Medicine for the wandering mind: mind wandering in medical practice


Dr Jonathan Smallwood, Max Planck Institute for Brain and Cognition, Social and Affective Neuroscience, Stephanstrasse, Leipzig 40103, Germany. Tel: 00 49 341 9940 000; Fax: 00 49 341 9940 2448; E-mail:


Medical Education 2011: 45: 1072–1080

Context  Mind wandering – defined as a cognitive focus on information that is unrelated to immediate sensory input or the task at hand – is a ubiquitous characteristic of the human condition. When it occurs, the integrity of a wide range of cognitive skills can be compromised.

Objectives  The current paper describes the phenomenon of mind wandering, explores its potential role in medical practice and considers how the education system may profitably control this ubiquitous cognitive state.

Methods  We argue that because many aspects of a medical professional’s work (such as fatigue and depression) maximise the mind’s tendency to wander, this experience is likely to be a common occurrence in many medical situations. We then review the psychological literature on mind wandering as it relates to medical practice.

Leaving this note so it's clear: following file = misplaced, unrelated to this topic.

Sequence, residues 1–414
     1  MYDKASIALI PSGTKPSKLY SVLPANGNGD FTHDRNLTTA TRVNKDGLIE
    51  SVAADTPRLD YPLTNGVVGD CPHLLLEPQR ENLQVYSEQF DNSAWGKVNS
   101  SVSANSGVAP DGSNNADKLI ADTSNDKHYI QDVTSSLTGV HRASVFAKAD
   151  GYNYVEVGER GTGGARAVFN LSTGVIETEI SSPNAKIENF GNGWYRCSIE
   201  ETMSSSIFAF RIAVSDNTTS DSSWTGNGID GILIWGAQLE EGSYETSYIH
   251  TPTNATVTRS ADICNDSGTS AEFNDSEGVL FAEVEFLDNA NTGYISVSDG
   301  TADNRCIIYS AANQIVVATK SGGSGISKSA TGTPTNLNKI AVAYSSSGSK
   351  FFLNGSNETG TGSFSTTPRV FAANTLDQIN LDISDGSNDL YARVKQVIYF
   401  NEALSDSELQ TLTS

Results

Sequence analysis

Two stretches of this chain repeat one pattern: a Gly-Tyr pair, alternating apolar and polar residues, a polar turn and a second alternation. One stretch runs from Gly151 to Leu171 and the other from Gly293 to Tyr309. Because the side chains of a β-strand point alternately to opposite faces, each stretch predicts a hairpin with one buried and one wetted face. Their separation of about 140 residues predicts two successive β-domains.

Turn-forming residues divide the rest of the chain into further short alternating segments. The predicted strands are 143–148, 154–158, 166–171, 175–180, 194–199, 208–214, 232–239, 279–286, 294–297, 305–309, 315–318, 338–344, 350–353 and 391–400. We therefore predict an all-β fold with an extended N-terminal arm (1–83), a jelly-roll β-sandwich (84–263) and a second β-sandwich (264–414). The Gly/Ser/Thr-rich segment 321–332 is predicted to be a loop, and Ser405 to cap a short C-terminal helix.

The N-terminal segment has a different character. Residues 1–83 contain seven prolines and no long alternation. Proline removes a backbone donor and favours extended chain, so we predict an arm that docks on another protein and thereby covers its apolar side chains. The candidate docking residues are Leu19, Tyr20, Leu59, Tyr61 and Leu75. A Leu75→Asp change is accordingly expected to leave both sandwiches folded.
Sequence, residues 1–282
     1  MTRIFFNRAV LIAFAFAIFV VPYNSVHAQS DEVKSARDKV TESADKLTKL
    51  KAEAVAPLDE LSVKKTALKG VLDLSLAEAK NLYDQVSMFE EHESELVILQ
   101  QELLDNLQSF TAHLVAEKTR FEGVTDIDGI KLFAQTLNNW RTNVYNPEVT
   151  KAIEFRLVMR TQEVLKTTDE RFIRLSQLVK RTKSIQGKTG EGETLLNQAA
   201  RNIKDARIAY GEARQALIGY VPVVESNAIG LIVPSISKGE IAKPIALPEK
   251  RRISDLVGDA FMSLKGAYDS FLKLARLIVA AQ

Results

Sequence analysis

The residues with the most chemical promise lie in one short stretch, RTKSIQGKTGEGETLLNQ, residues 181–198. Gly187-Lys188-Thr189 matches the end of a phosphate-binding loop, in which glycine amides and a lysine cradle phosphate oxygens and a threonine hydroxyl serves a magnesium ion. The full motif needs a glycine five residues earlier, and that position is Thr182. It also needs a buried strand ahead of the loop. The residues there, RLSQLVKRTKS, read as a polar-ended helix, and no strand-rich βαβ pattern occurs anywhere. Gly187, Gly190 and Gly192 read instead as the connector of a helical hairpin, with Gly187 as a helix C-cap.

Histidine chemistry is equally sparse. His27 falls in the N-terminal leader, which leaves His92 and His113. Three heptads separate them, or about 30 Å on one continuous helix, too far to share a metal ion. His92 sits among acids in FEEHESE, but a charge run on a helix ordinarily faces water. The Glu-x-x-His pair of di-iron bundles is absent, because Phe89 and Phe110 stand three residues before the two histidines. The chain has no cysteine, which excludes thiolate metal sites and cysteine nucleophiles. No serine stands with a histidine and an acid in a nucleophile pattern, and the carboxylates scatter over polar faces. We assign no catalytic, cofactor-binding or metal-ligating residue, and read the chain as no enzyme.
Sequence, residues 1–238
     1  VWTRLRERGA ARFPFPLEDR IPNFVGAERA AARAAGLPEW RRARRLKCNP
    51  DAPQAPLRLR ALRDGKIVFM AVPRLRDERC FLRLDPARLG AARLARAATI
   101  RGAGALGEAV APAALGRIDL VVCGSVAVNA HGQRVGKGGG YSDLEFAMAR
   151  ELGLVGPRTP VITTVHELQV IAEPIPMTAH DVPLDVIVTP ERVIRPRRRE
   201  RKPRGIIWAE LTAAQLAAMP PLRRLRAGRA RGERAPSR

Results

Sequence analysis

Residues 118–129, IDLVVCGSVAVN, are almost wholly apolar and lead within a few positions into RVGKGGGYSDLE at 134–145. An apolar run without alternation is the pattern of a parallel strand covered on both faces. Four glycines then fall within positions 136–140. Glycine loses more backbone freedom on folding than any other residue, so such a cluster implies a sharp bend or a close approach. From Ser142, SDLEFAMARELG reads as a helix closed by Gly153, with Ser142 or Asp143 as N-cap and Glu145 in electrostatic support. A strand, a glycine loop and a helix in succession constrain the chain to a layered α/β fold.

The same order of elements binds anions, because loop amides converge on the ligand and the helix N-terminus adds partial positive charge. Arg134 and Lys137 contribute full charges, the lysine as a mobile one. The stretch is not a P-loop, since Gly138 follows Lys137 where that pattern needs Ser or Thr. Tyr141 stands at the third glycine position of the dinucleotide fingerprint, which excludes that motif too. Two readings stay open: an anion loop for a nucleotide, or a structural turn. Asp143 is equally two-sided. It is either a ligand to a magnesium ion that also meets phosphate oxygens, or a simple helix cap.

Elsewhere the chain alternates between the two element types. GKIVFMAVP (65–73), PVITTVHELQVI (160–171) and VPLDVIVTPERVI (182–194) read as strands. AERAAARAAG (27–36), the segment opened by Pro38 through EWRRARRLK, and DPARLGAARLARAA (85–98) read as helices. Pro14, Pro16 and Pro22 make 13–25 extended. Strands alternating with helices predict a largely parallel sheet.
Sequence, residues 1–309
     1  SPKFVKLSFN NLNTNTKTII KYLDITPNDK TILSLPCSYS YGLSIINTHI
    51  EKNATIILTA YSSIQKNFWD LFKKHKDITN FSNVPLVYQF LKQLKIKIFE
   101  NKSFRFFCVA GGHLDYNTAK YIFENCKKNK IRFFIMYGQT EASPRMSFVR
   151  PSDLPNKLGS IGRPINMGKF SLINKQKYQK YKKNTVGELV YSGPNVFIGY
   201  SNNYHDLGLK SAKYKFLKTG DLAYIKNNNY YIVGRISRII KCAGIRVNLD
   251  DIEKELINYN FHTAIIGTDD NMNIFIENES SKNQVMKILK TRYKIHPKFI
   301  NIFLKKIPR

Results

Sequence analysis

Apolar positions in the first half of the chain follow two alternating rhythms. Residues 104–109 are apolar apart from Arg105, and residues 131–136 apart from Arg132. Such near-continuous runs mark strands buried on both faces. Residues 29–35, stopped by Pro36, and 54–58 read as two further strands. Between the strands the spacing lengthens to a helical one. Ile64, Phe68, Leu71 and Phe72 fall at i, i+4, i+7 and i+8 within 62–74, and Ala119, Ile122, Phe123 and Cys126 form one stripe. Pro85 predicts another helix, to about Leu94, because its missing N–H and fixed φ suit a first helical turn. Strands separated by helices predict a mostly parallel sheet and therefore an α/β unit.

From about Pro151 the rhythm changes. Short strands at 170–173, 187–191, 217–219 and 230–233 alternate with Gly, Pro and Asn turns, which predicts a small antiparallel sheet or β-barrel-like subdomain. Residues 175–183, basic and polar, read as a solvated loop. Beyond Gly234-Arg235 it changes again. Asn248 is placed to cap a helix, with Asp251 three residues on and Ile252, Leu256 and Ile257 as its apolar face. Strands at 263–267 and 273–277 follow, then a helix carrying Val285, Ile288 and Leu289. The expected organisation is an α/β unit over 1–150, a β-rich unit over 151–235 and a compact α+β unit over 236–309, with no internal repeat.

Conclusions  Based on this review, we suggest that because mind wandering interferes with an individual’s ability to integrate current events into a more general context, its occurrence may lead to downstream problems in the way that symptoms are interpreted and treated. Finally, because the experience of mind wandering is often both difficult to control and hard to recognise, it is difficult to prevent. We argue that techniques that help individuals to become more mindful have the potential to ameliorate the cost of mind wandering to the medical profession. Given the ubiquitous nature of the experience of mind wandering, the integration of mindfulness training into medical education programmes could be of general benefit to society at large.